If you’re in education and you’ve ever wondered whether games for learning actually live up to the hype and honestly deliver the learning outcomes they claim – then read on and/ or watch the video at the end of this blog.
As a company that designs and develops games for learning, we're convinced of the effectiveness of using games in the classroom, but we haven’t always found it easy to convince busy teachers that they won’t cause chaos and waste precious time – understandable concerns!
Let's take the example of our business game (see images below) which aims to support business studies teaching and encourage enterprise in young people.
We have seen the game in action when Prince’s Trust charity Mosaic Network use it in their annual Enterprise Challenge competition, in which over 100 teams of students compete to make the most net profit by making strategic business decisions within the simulation.
We’ve witnessed first-hand the absolute focus of the students, the energy in the room, the teamwork, negotiation, peer learning and problem solving. Students are visibly exhilarated when they’ve figured out how to make better business decisions and therefore improve their scores.
We have often thought “if only we could teleport every teacher into those sessions to see how powerful the game is!"
That’s where Sam Lockyer came in. Sam’s business ‘Iconic Productions’ creates short films for business, cultural and educational institutions. Sam recently created a promo for Small Heath School with the help of their students.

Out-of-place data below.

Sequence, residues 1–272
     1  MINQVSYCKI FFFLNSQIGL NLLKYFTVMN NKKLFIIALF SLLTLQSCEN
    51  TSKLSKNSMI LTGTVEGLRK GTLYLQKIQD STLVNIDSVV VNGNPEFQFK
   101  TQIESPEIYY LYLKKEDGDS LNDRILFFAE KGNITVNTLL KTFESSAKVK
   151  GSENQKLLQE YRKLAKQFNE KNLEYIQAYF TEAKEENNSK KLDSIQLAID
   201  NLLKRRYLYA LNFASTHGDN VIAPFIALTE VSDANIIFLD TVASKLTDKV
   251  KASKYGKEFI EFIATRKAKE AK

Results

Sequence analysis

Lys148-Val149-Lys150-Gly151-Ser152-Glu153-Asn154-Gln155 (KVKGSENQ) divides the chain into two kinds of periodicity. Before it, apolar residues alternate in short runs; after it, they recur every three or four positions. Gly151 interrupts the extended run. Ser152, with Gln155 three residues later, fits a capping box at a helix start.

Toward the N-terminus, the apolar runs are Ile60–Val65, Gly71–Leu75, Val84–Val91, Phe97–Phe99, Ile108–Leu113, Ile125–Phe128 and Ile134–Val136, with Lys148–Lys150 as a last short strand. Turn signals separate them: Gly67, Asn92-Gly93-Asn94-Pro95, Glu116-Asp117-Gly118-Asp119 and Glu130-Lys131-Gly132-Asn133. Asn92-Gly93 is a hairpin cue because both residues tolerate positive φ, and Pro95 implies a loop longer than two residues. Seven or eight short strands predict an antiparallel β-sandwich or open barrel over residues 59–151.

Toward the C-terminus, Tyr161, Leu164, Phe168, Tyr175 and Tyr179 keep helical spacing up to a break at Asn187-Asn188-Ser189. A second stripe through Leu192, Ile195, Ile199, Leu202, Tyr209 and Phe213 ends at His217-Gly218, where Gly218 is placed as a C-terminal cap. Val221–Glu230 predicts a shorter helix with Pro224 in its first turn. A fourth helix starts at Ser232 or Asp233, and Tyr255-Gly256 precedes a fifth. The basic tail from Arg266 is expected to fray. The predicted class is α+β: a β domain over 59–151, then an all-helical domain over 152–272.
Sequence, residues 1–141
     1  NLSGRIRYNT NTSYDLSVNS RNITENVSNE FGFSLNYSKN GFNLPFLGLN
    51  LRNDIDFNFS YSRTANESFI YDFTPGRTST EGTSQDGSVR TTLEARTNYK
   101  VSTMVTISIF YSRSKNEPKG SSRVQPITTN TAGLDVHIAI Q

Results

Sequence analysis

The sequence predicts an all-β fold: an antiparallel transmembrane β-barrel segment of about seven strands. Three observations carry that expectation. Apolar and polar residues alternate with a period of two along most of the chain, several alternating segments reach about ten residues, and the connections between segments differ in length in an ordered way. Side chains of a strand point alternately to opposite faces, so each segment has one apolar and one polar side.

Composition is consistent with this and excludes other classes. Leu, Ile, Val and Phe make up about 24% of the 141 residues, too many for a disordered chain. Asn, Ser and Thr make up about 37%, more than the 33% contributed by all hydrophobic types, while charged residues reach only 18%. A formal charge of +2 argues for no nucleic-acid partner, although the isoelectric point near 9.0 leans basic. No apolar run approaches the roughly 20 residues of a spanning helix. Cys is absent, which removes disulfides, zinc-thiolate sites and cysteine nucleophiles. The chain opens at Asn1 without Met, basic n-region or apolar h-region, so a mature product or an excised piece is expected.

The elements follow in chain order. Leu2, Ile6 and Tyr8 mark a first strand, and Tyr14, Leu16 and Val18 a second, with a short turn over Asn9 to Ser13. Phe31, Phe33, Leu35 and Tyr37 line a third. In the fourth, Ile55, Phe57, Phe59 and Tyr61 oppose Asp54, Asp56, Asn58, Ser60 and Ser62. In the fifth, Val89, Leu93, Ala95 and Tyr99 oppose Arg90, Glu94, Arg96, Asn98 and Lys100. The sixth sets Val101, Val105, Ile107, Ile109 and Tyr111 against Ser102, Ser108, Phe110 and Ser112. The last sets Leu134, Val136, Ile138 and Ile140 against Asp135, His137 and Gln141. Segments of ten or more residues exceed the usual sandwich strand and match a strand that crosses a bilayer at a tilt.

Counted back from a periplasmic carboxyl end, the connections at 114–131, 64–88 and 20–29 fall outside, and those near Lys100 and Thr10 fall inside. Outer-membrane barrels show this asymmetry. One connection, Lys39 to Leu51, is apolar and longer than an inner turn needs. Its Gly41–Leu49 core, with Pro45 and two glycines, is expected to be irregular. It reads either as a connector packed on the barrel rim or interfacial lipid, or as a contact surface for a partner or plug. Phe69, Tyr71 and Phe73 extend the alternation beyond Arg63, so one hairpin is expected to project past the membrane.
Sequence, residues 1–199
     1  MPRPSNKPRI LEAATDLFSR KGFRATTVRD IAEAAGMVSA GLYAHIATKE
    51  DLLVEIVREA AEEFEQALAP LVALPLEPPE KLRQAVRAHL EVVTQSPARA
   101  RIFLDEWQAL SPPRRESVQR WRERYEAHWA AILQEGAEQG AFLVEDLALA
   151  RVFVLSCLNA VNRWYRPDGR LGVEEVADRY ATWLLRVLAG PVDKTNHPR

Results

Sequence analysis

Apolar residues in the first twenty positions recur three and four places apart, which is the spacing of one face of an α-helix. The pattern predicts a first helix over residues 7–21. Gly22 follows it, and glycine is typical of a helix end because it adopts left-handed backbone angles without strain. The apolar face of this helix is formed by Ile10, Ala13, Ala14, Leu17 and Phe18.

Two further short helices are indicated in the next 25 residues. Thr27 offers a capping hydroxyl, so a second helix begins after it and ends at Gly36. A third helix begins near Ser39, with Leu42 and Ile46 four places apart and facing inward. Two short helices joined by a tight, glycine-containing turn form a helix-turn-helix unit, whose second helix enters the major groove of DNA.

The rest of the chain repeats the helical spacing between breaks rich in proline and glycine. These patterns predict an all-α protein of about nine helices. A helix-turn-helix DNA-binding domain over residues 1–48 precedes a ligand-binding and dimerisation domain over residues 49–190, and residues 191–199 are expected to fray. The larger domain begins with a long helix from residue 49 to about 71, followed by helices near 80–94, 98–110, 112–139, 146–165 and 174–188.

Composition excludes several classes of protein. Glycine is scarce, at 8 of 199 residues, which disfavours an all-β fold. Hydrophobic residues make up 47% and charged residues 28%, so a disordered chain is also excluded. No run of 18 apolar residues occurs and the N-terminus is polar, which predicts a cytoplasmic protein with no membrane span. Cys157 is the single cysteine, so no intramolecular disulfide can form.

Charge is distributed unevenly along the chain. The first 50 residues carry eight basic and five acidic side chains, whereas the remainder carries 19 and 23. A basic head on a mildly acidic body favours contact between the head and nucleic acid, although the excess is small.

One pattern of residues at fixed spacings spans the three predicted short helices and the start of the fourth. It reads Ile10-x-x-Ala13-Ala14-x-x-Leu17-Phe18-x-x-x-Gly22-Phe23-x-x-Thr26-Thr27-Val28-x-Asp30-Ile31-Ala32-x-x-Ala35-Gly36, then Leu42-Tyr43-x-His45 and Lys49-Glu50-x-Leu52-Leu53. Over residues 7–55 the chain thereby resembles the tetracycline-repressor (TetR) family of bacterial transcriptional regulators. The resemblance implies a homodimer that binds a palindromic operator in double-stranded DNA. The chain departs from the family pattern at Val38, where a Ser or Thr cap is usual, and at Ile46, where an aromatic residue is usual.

Small Heath School is based in a deprived inner city Birmingham area and yet has received Outstanding status:
“Progress is exceptionally good because of the consistency of high quality teaching and innovative approaches to the curriculum.” Ofsted 2010
It is this innovation, links with industry (Birmingham Airport, Citroen, Aston Villa), and encouragement in enterprise that so excited us at Totem about working with Small Heath, so Sam made the introduction.
We decided to run a workshop for about 20 business studies students to get to know the game, followed by a live competition like the Enterprise Challenge. Because entrepreneurialism is close to our hearts we also tied the event in to Global Entrepreneurship Week.
The event was a real success. There were both GCSE and ALevel students in the group but all students were totally absorbed in the game – some not wanting to take their break! It was great to see students grasping concepts and testing out theories about pricing, supply, demand etc– all with very little guidance needed from the teachers.
Sam filmed the event for us and took some footage of students giving us feedback afterwards. The students say it better than I could – so do watch the video – but I was left with one lasting feelgood story which was this:
One student who had been on the winning team when Small Heath School were in the Mosaic Enterprise Challenge three years ago, came back to help mentor at our event.
A very articulate and intelligent young woman, she is now at University as well as running her own wholesale business – and she believes that The Business Game played an important part in her journey and gave her confidence in her business skills.
If you'd like to know more about the business game please visit our partner Tribal Group's website by clicking here.